Study: Kids’ menus full of saturated fat, sodium, sugar

Sugary drinks and foods high in calories, saturated fat and sodium dominate kids' menus at many national chains despite some restaurants' voluntary participation in an initiative aiming to improve nutrition of children's menus. Researchers at the Harvard T.H. Chan School of Public Health found "no meaningful improvements" in kids' menu offerings during the first three years following the launch of the National Restaurant Association's Kids LiveWell Initiative in 2011, according to the university.

Furthermore, researchers found that, while some chains have removed soda as the default beverage choice on children's menus, other sugar-sweetened drinks including flavored milk and juice have replaced it. Researchers found that sugary drinks made up 80 percent of children's beverage options, according to the study, "Trends in Nutrient Content of Children's Menu Items in U.S. Chain Restaurants," published online in January in the American Journal of Preventive Medicine. Furthermore, the study says that, in 2011 and 2012, more than one in three children and adolescents consumed fast food every day.

"Although some healthier options were available in select restaurants, there is no evidence that these voluntary pledges have had an industry-wide impact," said the study's lead author Alyssa Moran, a doctoral student in the Department of Nutrition at Harvard Chan School. "As public health practitioners, we need to do a better job of engaging restaurants in offering and promoting healthy meals to kids."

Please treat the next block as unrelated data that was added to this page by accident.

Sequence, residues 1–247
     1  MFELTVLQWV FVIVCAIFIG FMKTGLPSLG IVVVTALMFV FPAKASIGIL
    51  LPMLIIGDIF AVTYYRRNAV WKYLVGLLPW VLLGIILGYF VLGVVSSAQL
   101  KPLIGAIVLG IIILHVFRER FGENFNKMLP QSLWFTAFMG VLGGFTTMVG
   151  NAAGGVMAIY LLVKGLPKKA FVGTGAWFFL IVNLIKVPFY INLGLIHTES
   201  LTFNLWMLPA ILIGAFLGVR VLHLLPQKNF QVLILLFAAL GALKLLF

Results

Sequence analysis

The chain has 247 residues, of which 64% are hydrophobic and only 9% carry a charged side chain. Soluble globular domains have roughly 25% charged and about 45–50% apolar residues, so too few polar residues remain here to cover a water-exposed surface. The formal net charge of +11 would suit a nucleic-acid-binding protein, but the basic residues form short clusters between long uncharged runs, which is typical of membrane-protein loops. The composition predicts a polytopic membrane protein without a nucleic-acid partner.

Eating a balanced and nutritious diet is essential for oral health. For information from the American Dental Association about which foods are best and worst for dental health and tips on ways to reduce children's sugary snacking, visit MouthHealthy.org/Nutrition.

To see the full Harvard study, visit www.hsph.harvard.edu and search for "Trends in Nutrient Content of Children's Menu Items in U.S. Chain Restaurants."

© 2017 American Dental Association. All rights reserved. Reproduction or republication is strictly prohibited without the prior written permission from the American Dental Association.

This article is intended to promote understanding of and knowledge about general oral health topics. It is not intended to be a substitute for professional advice, diagnosis or treatment. Always seek the advice of your dentist or other qualified healthcare provider with any questions you may have regarding a medical condition or treatment.

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Tips for a Healthy Diet

  • Foods high in sugar are a particularly common cause of tooth decay. Making these foods a treat rather than a staple will help protect your teeth.

  • To maintain a balanced diet, eat a variety of foods from each of the five major food groups.

  • When choosing a snack, go for nutritious foods such as cheese, raw vegetables, plain yogurt or a piece of fruit.